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It's no accident that the documentary An Inconvenient Truth opens with a satellite image of Hurricane Katrina bearing inexorably down on a helpless New Orleans.

Since hurricanes draw their destructive power from heat in seawater, you would expect that global warming would intensify these terrifying storms and multiply their number, leading to increased devastation on land. All other things being equal, that's probably what would happen.

But all other things are not equal, which is why the relationship between climate change and hurricanes is anything but settled. Two new studies released this week have moved the ball significantly forward, however.

The first, appearing in Science, says the frequency of Atlantic hurricanes will actually decrease during this century but that the most powerful Category 4 and 5 storms will likely double in number.

The second study, presented at a conference of the American Meteorological Association in Atlanta, says that whether or not the nature of hurricanes changes, the property damage they wreak in the U.S. will rise an average 20% over the next two decades because of the rising sea level caused by global warming.

The idea that there might be fewer Atlantic hurricanes in a warming world is not a new one. Earlier studies led by Thomas Knutson of the National Oceanic and Atmospheric Administration's Geophysical Fluid Dynamics Laboratory (GFDL), a co-author of this week's Science paper, had reached the same conclusion.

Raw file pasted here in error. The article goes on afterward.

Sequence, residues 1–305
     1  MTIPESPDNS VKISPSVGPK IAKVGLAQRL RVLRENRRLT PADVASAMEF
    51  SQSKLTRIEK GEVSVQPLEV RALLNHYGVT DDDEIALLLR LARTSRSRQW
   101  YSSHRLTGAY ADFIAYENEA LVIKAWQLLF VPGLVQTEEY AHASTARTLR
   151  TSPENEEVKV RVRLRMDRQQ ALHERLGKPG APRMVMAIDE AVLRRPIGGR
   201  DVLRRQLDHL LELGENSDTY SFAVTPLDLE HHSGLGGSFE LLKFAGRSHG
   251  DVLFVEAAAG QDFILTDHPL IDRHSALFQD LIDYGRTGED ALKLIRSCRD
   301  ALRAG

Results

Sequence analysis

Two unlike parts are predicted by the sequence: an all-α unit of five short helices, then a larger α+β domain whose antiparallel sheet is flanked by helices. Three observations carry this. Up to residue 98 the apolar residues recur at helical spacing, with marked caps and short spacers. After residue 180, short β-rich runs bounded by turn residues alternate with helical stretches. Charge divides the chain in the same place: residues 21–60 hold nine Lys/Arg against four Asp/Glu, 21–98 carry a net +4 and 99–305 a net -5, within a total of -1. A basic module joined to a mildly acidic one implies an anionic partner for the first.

The explanation for this seemingly paradoxical finding: hurricane activity is governed not only by ocean temperatures, but also by factors such as ocean currents and the speed and direction of wind in different layers of atmosphere.

It turns out, says Knutson, that the key to hurricane frequency is not simply how much the Atlantic warms, but how it warms in relation to the rest of the tropical oceans. If it warms more than average, he says, you have an increase in storms. If it warms less, you have a decrease.

The rise in Atlantic hurricanes that we have seen since 1980 or so, he says, is probably the result of exactly that kind of differential warming, not so much global warming overall.

The significance of the current paper, says GFDL's Morris Bender, the lead author, is that it simulates the statistics of the most severe future hurricanes — something previous studies couldn't do because of an inability to accurately reproduce a hurricane's structure.

A new modelling approach used in this week's study remedies that problem, he says, and suggests that category 4 and 5 storms will become relatively more common by 2100 — with the important caveat that the change will not become clearly detectable until the second half of the century.

The locus of the biggest increase, continues Bender, is projected to be in the western Atlantic, north of about 20 degrees latitude — about where the southern edge of Cuba lies.

And because these stronger storms are so damaging, the increase in their number would likely outweigh the decrease in overall numbers, in terms of destruction.

The authors warn that their findings, while important, are not the final word and must be validated by others. Bender Knutson and their colleagues ran the simulation using an average of 18 climate models at once, then reran it with four models individually.

One of the models, Bender says, showed a decrease in the most powerful storms, demonstrating once again that the effects of climate change are complex and not easily predicted.

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